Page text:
Hail Mary

" 'And behold you will conceive in your womb, and bear a son, and you shall call his name Jesus. He will be great, and will be called the Son of the Most High; and the Lord God will give Him the throne of His Father David; and He will reign over the house of Jacob forever; and His kingdom will have no end.' And Mary said to the angel, 'How can this be, since I am a virgin?' " And the angel said to her, 'The Holy Spirit will come upon you, and the power of the Most High will overshadow you; and for that reason the holy offspring shall be called the Son of God.' " Luke 1:31-35

I played my high school football in New York, and went up against several powerful parochial school teams. I remember St. Anthony's, St. John's and my personal favorite Mercy High. They never took any mercy on us. Before the game, they would take a knee and pray 'Hail Mary!' as a final warm up before they took the field. Competing against them was like being hit by a hail storm in an open field. Nowhere to run, and nowhere to hide. Their game plan of placing "Hail Mary!" at the beginning of the game proved very effective. Our strategy on the other hand was to play the entire game and save our "Hail Mary!" for the end. Why? Because football with its time honored tradition has christened this prayer to Mary, and attached it to a play designed as a last second fling of the ball, high into the air as a desperate gamble to pull out a win at the end of a game with a long pass into the end zone.

"Hail Mary!" usually triggers my memory cells to recall Clint Longley, "The Mad Bomber" from Abilene Christian. Longely was a Dallas Cowboy quarterback for a day. He replaced an injured Roger Staubach in a memorable game in 1974. He is remembered for pulling out a last second 24-23 win against the Washington Red Skins on Thanksgiving Day with a 50 yard pass to Drew Pearson. Ten years later, Doug Flutie, the small man's hero and quarterback for Boston College, threw a 48 yard pass into the end zone to pull out a last second win against Miami on November 23, 1984. This is the kind of 'Hail Mary!" even a Southern Baptist boy can pray. I admit I have always had an uneasy relationship with the concept of praying to Mary, but I get serious about a "Hail Mary!" when Baylor is behind in a football game. My religious convictions can't be bought, but they can be rented when an all or nothing pass into the end zone is needed to salvage a win. Over the years, I have prayed for this play a lot, but without the happy endings. Still, "I Believe!" Wait 'til next year. Sic 'Em Bears!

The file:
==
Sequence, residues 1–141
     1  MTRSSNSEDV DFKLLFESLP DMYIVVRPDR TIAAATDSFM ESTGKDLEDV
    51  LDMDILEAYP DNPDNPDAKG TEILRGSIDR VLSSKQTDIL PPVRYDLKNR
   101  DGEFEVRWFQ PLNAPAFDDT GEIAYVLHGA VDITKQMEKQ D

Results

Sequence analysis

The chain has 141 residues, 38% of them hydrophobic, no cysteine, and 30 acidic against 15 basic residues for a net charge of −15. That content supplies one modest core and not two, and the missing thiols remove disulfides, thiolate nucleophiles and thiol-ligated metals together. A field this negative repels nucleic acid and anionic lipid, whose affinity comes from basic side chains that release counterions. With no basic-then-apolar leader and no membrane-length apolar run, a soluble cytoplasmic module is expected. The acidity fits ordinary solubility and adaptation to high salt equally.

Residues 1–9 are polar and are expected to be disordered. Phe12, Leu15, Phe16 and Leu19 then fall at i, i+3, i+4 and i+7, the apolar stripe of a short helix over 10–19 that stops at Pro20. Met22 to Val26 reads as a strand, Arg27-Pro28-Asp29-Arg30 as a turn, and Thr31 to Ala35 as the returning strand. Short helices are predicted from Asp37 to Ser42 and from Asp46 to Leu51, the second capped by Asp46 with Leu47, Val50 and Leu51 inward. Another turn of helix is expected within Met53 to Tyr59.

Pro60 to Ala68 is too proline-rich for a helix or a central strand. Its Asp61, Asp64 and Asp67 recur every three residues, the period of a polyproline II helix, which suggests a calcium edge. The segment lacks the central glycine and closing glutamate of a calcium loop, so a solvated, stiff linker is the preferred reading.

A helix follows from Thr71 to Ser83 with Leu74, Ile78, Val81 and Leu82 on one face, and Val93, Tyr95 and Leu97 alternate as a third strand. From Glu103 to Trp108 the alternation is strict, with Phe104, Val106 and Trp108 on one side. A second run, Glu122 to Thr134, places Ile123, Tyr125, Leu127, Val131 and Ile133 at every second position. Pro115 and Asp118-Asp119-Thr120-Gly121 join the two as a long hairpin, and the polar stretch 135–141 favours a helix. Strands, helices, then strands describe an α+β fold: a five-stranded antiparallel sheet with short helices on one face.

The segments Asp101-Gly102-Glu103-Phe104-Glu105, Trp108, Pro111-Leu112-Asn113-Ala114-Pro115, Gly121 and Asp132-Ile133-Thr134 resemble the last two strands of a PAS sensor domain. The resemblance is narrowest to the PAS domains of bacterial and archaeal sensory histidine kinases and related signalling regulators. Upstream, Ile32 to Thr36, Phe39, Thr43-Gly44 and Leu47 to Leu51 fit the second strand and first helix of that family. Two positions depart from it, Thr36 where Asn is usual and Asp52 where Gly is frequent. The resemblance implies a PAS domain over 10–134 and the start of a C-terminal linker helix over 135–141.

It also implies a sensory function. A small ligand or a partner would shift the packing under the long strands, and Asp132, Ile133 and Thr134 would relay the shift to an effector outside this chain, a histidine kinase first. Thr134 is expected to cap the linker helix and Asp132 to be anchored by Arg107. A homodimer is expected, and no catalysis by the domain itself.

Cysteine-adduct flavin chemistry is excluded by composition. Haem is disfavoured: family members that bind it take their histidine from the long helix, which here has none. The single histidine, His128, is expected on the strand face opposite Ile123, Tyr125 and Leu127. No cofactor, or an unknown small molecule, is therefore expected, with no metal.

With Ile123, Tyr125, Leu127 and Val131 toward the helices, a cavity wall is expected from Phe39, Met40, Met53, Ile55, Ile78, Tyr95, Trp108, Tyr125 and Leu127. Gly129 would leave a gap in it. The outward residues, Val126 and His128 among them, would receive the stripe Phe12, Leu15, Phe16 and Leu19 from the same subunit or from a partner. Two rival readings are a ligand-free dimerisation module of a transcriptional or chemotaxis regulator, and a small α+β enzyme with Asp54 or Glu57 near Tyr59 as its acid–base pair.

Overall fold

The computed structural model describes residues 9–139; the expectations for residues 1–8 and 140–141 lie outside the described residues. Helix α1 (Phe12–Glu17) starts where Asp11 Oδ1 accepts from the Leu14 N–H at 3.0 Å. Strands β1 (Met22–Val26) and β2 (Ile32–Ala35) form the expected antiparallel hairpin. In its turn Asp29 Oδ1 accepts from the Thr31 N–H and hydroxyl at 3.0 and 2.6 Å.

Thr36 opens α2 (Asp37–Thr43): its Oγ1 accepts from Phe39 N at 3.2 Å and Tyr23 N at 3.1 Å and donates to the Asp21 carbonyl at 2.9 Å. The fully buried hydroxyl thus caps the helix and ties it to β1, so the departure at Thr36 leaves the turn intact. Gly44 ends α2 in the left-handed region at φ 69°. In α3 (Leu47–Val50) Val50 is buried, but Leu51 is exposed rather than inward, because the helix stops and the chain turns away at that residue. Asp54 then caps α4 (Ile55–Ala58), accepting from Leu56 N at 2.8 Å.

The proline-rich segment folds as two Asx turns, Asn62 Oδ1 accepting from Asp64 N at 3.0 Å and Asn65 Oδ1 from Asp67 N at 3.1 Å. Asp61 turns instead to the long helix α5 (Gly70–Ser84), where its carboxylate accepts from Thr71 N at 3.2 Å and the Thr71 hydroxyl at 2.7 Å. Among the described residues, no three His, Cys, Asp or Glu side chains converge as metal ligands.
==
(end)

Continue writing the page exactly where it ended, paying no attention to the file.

During the Christmas season, I always advocate saying and repeating "Merry Christmas" as a way of honoring Christ on His birthday. However, I do not think it is poor protocol to suggest we avoid the dual danger of making too much or saying too little about Mary. The Word of God provides some amazing descriptions of this young lady who was chosen out of all the women of the world to be the earthly mother of Jesus. There is nothing wrong with honoring the character and the conduct of this unique individual. Throwing her under the Bible bus may reflect more on our personal prejudices than it does on our personal devotion to private prayer. God is probably not pleased with any depreciation of the lady He chose to carry, and cradle His Son.

"Gabriel was sent from God." (Luke 1:26) He was assigned an awesome mission to an unlikely destination. The proverbial burn of that day was, "Can anything good come out of Nazareth?" The question was rhetorical, but the answer was categorical. NO! Regional rivalries were not invented by Texas and Oklahoma. (Hook 'Em Horns!) Gabriel was sent by God on a "divine appointment" to interrupt the plans of Mary and Joseph. They were engaged to be married. One of the reasons for a betrothal was the year long waiting period. Between the announcement of the marriage to the day of the wedding, both families wanted to be assured of the bride's clear reputation for purity. If she became pregnant before the wedding day, she would be in violation of the betrothal agreement, and the marriage contract would be voided. Mary knew this very well. Shame was a powerful weapon against infidelity and immorality in those days. The Bible refers to her as a virgin, meaning she had never had sexual relations with her soul-mate or any other man outside of marriage. Her reputation was beyond reproach.

The first words from Gabriel's lips to Mary's ears were, "Hail, favored one! The Lord is with you." (Luke 1:28) Literally, he was stating her position before God as a "woman richly blessed." Her first reaction to this startling salutation was natural. She was greatly troubled or in fear (v. 29-30), but the angel assured her that she had found favor with God. She had not been trying to gain favor from God, but God was looking for a way to pour His favor out on her. She lived in a way that caught God's attention. What a great way to live!